Poll Reveals Most Unacceptable Things People Do On a Flight

Since last year’s video of Tiffany Gomas’ legendary meltdown (she claimed a passenger on the plane was “not real”) and the innumerable other passenger tantrums that followed in viral videos, in-flight drama has skyrocketed.

These cases have provoked heated arguments regarding the acceptable and unacceptable behavior onboard commercial aircraft.

There was an online debate after a lady got into an altercation with another passenger in November, accusing them of “pushing her seat repeatedly” while she reclined it.

A different woman recently made headlines when she got into a battle over whether the window blind should be up or down.

However, a recent study by YouGov has shown the American public’s true opinion on what actions are acceptable and what are definitely not when flying.

According to the survey, 86% of people think it’s undesirable to allow their children to play in the aisle, and 82% believe that becoming drunk is unacceptable as well.

Precisely, the same number of people said it’s annoying when people get up while the plane is experiencing turbulence, and 81% said it’s a major faux pas to watch a movie without headphones.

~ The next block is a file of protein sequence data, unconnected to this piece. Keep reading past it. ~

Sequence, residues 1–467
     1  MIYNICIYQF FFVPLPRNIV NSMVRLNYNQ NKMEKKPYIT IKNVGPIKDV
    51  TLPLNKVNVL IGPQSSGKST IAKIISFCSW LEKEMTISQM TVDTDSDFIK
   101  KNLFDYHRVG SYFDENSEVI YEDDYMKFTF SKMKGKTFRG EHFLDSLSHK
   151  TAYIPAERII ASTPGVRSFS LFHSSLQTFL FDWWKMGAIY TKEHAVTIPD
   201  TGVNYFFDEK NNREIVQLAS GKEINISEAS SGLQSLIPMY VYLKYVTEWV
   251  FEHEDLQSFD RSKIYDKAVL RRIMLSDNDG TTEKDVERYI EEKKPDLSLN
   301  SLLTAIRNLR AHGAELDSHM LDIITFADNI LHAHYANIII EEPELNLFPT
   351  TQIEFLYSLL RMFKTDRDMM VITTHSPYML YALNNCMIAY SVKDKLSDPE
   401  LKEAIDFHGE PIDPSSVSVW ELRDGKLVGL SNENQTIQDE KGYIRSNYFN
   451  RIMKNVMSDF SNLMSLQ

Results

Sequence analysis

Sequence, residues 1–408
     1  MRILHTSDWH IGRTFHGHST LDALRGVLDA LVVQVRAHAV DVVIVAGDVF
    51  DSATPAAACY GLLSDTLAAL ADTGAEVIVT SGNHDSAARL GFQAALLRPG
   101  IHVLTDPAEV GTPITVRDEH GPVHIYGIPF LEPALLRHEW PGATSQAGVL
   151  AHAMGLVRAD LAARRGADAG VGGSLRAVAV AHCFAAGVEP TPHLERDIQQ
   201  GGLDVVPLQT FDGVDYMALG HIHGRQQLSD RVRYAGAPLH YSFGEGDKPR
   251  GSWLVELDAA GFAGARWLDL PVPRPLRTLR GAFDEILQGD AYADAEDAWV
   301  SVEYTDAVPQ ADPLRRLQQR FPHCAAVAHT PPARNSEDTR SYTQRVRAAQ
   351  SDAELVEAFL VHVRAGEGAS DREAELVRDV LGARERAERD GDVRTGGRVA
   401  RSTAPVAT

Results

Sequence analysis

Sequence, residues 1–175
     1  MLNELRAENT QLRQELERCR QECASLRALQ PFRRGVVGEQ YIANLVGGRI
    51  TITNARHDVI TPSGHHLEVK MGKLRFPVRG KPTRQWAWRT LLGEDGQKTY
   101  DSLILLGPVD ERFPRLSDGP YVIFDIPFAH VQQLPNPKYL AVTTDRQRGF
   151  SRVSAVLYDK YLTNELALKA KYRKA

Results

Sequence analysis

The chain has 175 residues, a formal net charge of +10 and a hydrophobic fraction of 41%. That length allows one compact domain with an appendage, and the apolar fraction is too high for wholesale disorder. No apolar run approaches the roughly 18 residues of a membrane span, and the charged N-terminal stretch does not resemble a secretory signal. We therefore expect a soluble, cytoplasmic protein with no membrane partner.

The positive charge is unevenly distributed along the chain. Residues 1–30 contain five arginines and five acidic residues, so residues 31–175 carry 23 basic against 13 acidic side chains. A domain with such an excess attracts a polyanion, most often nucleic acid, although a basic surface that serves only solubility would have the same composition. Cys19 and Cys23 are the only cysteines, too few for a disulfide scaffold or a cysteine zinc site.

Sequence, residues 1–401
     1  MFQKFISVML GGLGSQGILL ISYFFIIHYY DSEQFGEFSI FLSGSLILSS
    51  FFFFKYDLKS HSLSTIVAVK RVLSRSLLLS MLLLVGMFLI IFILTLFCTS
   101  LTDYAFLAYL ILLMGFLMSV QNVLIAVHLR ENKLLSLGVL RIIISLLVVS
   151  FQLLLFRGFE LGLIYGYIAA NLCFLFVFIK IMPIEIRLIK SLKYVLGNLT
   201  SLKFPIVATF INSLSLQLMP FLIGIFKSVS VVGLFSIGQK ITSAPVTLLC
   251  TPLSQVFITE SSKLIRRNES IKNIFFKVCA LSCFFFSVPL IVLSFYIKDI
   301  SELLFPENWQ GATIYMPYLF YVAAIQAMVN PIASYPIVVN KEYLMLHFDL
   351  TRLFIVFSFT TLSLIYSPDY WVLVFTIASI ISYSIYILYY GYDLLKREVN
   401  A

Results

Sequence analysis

Additionally, 79% of passengers think it’s improper to leave garbage in the seatback pocket when boarding and landing, and 74% of passengers disapprove of utilizing both armrests at the same time when seated next to someone.

Some 68% of people think it’s unacceptable to eat food with an overpowering aroma, and another 66% think it’s inappropriate not to pay attention during the safety demonstration.

Other faux pas include talking on the phone, bringing a little dog on board, not fastening your seatbelt after the light is off, and continuing to use the overhead light even after turning off the cabin lights.

Some behaviors are found to be acceptable, such as using a laptop on the tray table, waking a fellow passenger to use the restroom, and pressing the call button to get refreshments from the flight attendant.

According to YouGov, people’s views on airplane etiquette are influenced by how often they fly. Those who fly more frequently tend to be less tolerant of certain behaviors.